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The GCC Command Line – Part 1

July 8, 2011



The GCC compiler has probably the most complex command line of any tool ever written. There are literally thousands of options available, depending on how you installed and/or built the thing. This article (and the ones that follow) shows you how to use the handful of these many options that you really need for day-to-day C++ and C programming. To follow this article, you will need to have installed GCC – for instructions on how to do this on Windows, see here (if you are on Linux, it’s probably installed already), and be able to use a command line and a text editor.

Note that this tutorial is applicable to both Windows (it was written on Windows), and to Linux and other UNIX-like operating systems, except that I use Windows paths in the examples – Linux users should mentally transpose back-slashes to forward-slashes, and omit drive letters!

Hello World

Let’s start with the canonical C++ “Hello World” program. Fire up a command line prompt, start notepad (or your favourite text editor) and enter this code:

#include <iostream>
using namespace std;
int main() {
    cout << "hello world" << endl;

save it as “hello.cpp”, and compile it with the GCC command:

$ g++ hello.cpp

Note from now on I will use ‘$’ to indicate the command prompt – your actual command prompt will almost certainly be something else.

Assuming no syntax errors, GCC will silently compile and link your code. If you look at the directory you are working in, you will find a new file called “a.exe”. This is the executable – you can run it:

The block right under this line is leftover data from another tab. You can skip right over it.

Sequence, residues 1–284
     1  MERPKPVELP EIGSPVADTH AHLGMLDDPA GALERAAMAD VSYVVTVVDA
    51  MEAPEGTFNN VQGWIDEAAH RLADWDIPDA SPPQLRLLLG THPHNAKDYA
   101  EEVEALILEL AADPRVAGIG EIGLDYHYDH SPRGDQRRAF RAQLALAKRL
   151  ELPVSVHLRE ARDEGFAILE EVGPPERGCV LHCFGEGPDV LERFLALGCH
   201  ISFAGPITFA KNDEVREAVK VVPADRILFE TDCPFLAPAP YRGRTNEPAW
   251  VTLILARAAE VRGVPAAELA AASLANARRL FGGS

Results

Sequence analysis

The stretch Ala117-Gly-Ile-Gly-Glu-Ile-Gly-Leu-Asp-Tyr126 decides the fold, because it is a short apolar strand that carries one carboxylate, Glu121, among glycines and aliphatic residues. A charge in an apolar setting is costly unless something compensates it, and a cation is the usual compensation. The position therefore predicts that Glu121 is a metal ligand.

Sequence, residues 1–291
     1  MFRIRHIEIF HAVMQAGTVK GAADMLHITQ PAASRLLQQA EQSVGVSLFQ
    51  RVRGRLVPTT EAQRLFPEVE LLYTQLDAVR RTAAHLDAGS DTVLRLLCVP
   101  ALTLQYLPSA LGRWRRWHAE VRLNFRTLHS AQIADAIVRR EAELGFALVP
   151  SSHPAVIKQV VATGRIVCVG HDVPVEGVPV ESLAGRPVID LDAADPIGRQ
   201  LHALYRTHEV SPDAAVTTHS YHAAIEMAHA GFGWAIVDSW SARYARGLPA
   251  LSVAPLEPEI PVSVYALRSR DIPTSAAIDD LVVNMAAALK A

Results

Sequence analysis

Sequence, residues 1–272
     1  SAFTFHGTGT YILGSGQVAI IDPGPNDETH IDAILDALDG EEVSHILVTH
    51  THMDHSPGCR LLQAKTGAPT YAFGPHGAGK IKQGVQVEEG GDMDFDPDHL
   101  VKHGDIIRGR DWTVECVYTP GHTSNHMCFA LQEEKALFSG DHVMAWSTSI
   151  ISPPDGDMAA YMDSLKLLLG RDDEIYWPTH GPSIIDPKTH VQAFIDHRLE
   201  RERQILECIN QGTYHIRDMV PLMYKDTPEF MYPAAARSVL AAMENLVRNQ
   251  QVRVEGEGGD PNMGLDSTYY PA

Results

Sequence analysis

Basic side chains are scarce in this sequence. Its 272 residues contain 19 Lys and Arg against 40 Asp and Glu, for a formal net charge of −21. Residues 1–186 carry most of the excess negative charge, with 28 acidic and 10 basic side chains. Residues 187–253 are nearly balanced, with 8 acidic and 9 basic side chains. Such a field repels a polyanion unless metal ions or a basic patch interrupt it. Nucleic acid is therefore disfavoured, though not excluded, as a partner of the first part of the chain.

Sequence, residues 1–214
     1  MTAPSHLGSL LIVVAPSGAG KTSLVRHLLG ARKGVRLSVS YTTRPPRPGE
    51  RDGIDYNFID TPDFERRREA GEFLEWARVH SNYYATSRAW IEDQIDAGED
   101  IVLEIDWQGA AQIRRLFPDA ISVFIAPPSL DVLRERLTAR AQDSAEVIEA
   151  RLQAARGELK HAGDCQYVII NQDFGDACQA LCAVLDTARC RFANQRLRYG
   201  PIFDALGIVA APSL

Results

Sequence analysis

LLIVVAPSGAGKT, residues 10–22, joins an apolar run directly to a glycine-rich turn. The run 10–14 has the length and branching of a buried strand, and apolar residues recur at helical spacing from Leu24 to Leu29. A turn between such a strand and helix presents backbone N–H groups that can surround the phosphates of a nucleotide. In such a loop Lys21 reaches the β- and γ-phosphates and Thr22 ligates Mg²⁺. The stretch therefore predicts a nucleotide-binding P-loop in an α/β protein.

$ a
hello world

Hurrah! But why has GCC called the executable “a.exe”? Why not, say, “hello.exe”? Well, years ago, when men were men and beards were beards, UNIX compilers produced an executable output file called “a.out”, because it was the output from the assembler (maybe – history gets a bit hazy here), and the GCC compiler has stuck with it, although on Windows it has to be called “a.exe”. However, most people would like a more meaningful name for the executable, and the first GCC command-line option that people learn is -o, which names the executable:

$ g++ hello.cpp -o hello
$ hello
hello world

Under Windows, there is no need to tack on the “.exe” extension. You could also supply a path, which would write the executable at that path.

GCC is mostly not sensitive to the order of its options (we’ll see later in this series that sometimes it is) and is not sensitive to spaces between the option and it’s parameter. So these are all equivalent:

$ g++ hello.cpp -o hello
$ g++ -o hello hello.cpp
$ g++ -ohello hello.cpp

My personal preference is to make the -o option the very last on the command line.


  • Use -o to specify the output executable.

g++ versus gcc

Up until now we have compiled our C++ code with what you may think of as the GCC C++ compiler, called “g++”. What happens if we compile it with what you may think of as the C compiler, which is called “gcc”? Well, you get a lot of error messages:

$ gcc hello.cpp -o hello
C:\Users\neilb\AppData\Local\Temp\cc8IToAX.o:hello.cpp:(.text+0x19): undefined reference to `std::cout'